Our home has once again taken on the challenge of tapping our own trees.  Each year is a bust for us when it comes time to make syrup.  But I am determined to one day get it right, without having to spend thousands of dollars on industrial equipment.  We shall see what the next couple of weeks bring.  Hopefully it will be some syrup… even if it’s just a small pint!

I didn’t get much done project wise.  I think I needed some down time after all the stress from the Pinewood Derby.  I also needed a couple of days to get this house in order before my husband came home.  His patrol is finally over and the kids and I will have some time with him before he takes off yet again in another month.

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One thing husband and I did was start some cool weather crops down in the basement.  Using grow lights we (or should I say he) planted cabbage, brussel sprouts, onions, peas and beans.   We are so excited to finally get the garden started this year.  We have so many ideas and plans.  I hope to have an over abundance of crops.  Enough to share with our friends and neighbors!

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I love knitting, although I love yarn more.  I wish I had more time to knit and learn more knitting techniques.

Last summer, when I found out I was having another baby girl, I began knitting a blanket.  Here we are over 8 months later and the blanket is no where near finished.  I’ve promised myself that this darn blanket is going to be finished by the time summer arrives.  That should give me more than enough time… right?  Let’s hope so!  Or else Baby Girl will end up using this blanket as a towel cloth instead!

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This week I read “Touch Blue” by Cynthia Lord.  The story takes place in Maine so, of course, I had to enjoy the book.  I always love how authors depict Maine and New England in general.  It’s so refreshing and peaceful.  I can literally smell the ocean air and feel the sand gritting between my toes.  It’s fantastic.  In “Touch Blue” families volunteer as foster parents to meet minimum state requirements to keep their school open on the island where they live.  The story focuses on 11-year old Tess and her new, older, foster brother Aaron, a veteran of the foster care system.  I particularly like how each chapter begins with a superstition.  My favorite is Chapter 16, ‘If you write your wish beneath the stamp on a letter, the letter will carry the wish with it.”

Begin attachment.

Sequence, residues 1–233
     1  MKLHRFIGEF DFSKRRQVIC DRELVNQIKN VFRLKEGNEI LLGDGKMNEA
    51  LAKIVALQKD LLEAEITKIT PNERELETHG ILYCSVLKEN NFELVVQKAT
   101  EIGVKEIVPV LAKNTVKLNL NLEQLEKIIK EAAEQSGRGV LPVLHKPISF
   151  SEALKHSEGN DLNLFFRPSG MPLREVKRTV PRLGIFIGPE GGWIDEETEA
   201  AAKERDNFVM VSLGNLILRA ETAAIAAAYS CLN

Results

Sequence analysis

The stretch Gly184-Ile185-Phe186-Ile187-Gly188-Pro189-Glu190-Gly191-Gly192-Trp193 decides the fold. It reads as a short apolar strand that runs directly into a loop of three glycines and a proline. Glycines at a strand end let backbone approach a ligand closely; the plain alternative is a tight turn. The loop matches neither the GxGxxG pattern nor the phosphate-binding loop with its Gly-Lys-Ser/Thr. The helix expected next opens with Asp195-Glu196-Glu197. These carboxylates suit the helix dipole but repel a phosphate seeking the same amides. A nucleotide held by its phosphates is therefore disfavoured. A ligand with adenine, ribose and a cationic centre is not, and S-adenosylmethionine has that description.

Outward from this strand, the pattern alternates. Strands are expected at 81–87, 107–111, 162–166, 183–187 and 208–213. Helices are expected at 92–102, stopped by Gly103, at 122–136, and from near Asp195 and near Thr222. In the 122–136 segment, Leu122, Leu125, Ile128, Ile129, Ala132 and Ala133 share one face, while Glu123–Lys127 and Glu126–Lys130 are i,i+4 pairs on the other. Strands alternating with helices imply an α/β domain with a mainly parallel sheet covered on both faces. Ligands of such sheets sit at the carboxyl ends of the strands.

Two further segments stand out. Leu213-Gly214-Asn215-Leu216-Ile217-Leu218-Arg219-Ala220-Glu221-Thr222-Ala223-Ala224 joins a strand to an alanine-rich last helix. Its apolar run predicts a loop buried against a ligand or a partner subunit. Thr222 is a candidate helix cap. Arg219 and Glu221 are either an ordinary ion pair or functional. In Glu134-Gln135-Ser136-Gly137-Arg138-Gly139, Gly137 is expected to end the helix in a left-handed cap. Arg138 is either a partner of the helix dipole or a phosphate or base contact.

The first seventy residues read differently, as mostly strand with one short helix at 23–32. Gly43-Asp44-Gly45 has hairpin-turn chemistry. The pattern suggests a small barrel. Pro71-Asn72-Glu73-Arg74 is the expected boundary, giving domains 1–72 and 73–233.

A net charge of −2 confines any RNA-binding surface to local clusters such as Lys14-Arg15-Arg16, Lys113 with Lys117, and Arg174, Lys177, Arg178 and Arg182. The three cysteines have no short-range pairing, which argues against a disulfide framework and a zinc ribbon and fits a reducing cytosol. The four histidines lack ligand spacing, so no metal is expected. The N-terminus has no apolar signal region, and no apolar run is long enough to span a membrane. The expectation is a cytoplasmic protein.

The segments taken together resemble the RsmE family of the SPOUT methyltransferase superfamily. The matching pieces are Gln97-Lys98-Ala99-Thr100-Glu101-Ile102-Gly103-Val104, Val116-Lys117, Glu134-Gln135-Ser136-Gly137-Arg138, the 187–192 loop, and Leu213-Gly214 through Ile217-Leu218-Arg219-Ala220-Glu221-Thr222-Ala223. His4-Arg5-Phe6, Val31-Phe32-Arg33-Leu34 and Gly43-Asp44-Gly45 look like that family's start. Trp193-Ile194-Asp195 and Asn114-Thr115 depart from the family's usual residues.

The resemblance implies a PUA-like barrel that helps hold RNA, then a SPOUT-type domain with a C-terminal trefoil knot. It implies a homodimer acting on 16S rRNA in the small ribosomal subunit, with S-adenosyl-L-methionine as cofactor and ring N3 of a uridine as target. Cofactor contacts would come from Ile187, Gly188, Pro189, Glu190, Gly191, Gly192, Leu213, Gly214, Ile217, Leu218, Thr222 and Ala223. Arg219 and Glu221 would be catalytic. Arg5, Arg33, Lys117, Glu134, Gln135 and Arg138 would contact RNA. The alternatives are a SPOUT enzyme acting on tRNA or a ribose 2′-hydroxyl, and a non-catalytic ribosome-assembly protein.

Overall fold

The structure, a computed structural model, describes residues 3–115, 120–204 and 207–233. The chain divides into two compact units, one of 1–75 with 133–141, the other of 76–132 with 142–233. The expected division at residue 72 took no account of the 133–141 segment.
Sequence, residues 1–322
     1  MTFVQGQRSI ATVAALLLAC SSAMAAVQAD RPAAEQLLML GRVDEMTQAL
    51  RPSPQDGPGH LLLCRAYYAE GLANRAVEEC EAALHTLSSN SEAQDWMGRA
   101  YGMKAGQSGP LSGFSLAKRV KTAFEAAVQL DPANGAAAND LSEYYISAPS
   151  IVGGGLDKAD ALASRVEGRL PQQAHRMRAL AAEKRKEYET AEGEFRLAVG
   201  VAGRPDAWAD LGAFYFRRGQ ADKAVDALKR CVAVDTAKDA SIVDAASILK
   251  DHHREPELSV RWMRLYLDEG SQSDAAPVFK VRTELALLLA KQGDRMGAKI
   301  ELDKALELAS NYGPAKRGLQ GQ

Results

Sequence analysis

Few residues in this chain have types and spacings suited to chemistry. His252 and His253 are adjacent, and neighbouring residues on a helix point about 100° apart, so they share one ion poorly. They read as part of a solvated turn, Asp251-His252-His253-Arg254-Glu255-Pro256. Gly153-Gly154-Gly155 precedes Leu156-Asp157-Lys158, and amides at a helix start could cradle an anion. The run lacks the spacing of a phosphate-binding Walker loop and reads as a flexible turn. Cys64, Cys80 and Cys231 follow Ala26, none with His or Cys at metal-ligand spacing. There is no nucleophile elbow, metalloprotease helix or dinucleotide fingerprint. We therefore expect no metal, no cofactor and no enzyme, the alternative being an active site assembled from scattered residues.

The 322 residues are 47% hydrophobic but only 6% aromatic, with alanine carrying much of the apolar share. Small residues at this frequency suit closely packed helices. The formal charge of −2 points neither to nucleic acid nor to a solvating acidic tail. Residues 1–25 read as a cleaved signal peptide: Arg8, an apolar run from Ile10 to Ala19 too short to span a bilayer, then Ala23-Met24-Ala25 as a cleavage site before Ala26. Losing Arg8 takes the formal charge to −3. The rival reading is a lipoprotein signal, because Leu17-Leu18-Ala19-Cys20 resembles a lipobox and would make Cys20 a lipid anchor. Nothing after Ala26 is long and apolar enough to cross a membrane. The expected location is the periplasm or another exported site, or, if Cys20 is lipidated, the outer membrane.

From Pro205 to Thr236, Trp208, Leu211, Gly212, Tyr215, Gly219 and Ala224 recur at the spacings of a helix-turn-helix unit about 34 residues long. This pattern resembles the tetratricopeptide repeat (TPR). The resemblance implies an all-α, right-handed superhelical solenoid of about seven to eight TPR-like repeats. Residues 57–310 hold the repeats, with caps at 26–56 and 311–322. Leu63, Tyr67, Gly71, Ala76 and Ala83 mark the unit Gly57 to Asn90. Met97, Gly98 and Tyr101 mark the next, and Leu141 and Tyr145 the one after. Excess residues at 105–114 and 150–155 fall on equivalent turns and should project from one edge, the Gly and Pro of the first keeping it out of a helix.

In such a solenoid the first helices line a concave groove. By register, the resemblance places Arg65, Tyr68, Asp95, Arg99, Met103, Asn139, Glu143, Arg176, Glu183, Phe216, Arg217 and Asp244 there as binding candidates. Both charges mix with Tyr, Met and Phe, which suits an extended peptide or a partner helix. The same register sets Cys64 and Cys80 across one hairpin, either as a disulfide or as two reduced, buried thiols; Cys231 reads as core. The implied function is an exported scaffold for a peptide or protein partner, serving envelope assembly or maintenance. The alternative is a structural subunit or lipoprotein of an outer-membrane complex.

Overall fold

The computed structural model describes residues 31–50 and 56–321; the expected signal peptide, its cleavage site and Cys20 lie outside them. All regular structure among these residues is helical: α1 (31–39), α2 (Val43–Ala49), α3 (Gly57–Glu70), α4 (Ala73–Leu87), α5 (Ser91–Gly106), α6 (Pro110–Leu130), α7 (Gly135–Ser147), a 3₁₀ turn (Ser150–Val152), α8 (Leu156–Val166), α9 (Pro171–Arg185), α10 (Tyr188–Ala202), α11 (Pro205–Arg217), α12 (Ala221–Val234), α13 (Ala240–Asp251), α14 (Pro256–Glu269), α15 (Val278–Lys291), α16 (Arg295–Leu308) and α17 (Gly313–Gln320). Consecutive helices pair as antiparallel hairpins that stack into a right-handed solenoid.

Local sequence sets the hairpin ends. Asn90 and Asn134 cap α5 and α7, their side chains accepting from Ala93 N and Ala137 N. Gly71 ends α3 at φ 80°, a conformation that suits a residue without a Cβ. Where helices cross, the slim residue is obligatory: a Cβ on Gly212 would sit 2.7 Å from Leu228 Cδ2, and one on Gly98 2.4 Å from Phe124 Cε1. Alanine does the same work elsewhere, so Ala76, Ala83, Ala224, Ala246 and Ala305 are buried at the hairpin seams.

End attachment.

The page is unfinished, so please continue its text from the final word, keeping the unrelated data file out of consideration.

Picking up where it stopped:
Life’s Lesson… What is Winning Worth…

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Ahh… not only is spring around the corner, it’s Pinewood Derby time.  The Pinewood Derby is a racing event for Cub Scouts in the Boy Scouts.  Cub Scouts, with the help of parents, build their own cars from wood, usually from kits that contain a block of pine, plastic wheels and metal axles.  Truth be told, I didn’t know what the derby was until last year when my son joined the Cub Scouts.

The derby came right at a time when my husband began a 2-month patrol.  If you ask me (and him), horrible timing.  I panicked.  I have no clue how to build things, let alone build things that are suppose to move.  A neighbor offered to have my son build his car with their son.  At first it sounded appealing but after a lot thinking I knew this was a project my son and I needed to tackle on our own, even if dad wasn’t around.  In the end, we did it!  My son and I built a derby car!

At one point in the building phase I considered making a Facebook status that said, “who needs a man when a tool-deficient mom can do this?”  But I quickly remembered the kind old man at Lowe’s who quickly showed me how to operate my dremel tool in 10 seconds (I tried for hours at home and couldn’t figure it out).  I remembered the YouTube video (featuring a man) showing me how I’ll sand and polish the wheels.  Last, but not least, I remembered the numerous emails back and forth to my husband asking his advice.  And, most importantly, I reminded myself that this project was not about me, but about my son.  About us working together.  So, instead, I kept my lips sealed.